An IPO (initial public offering) is a great day for company’s founders, early investors, company employees and investment bankers – they usually walk away with millions upon millions of dollars at the close of the market day. All too often however it is not so great for individual investors who are at the very bottom of the IPO wealth food chain and often play the fool.
Don’t be the sucker who buys shares of a new company on day one, the risk is not worth the bragging rights. It might be a good rule of thumb to wait a year or so, watching the company’s earnings and stock performance before you pull the trigger and adding it to your portfolio.
Reason to Wait
For every Godaddy (GDDY), Google (GOOG) or Facebook (FB) there are horror stories like Zynga (ZNGA), Etsy (ETSY), Shake Shack (SHAK) and now most likely SNAP (SNAP). Yes, you could miss out on some phenomenal gains by sitting on the sidelines for a year but you could also protect yourself from absolute portfolio decimation. Be a patient investor, if a company is a quality company it will still grow and its stock will still rise after a year.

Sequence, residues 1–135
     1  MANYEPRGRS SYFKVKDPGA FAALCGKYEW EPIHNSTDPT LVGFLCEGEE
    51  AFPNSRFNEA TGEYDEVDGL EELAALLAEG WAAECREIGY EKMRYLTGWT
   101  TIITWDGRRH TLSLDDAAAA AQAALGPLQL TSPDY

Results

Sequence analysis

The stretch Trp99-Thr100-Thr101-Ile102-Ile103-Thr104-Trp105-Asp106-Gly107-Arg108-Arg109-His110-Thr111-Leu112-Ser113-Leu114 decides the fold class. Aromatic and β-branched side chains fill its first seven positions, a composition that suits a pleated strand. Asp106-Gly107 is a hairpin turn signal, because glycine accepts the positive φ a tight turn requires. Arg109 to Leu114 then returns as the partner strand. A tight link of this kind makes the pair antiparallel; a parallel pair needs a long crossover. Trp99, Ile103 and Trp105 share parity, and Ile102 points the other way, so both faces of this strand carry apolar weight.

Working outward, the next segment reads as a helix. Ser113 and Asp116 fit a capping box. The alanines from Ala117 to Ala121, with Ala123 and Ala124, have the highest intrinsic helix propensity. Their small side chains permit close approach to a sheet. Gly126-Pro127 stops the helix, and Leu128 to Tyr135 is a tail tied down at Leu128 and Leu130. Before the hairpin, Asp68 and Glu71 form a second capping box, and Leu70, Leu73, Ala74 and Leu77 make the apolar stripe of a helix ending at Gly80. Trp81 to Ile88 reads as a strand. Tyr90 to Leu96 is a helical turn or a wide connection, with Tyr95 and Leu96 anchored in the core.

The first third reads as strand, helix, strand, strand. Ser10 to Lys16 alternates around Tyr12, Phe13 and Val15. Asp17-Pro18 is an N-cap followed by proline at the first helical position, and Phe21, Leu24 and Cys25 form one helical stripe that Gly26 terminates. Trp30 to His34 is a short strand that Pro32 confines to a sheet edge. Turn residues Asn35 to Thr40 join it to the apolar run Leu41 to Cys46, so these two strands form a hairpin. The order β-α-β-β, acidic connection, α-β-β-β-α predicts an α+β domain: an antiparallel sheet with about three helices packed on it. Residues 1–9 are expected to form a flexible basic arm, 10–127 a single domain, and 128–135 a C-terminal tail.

If an investor just waited a year before investing in all of the above stocks all their trades would have at least been profitable, even in loser stocks like Shake Shack, Etsy and Zynga. Yes in Google and Godaddy you would have lost out on some gains, but so what? Look at that 559% return in Google after waiting a year, who in their right mind wouldn’t take that? Also a 30% gain in Godaddy after only 14 months is nothing less than outstanding!
The most recent flashy IPO has been Snap Inc (SNAP) which debuted on March 2, 2017. The shares were listed at $17, but that price was not for regular public investors like you and I. The public had to buy the shares at the opening price of $24 on the first day. SNAP shares closed just above $27 the following day have declined every day since then. Yesterday SNAP had an intraday low of $17/share, retreating to its IPO price. SNAP hasn’t closed above $24/share since March 6, 2017, two days after its IPO. Ouch!
If you ask me the odds are high Snap’s stock price will keep trending down and down and down some more. The company wasn’t even profitable at its IPO, it has lost over $500 million in the prior year. Snap also faces stiff competition from Facebook’s Instagram. This is definitely shaping up to be a scenario where Joe Public should have snapped his wallet closed and stayed out of the fray.
In nine months we will see if I’m right or wrong about SNAP, but if history is any guide I’ll be right. In the meantime don’t play the sucker, stay away from IPOs.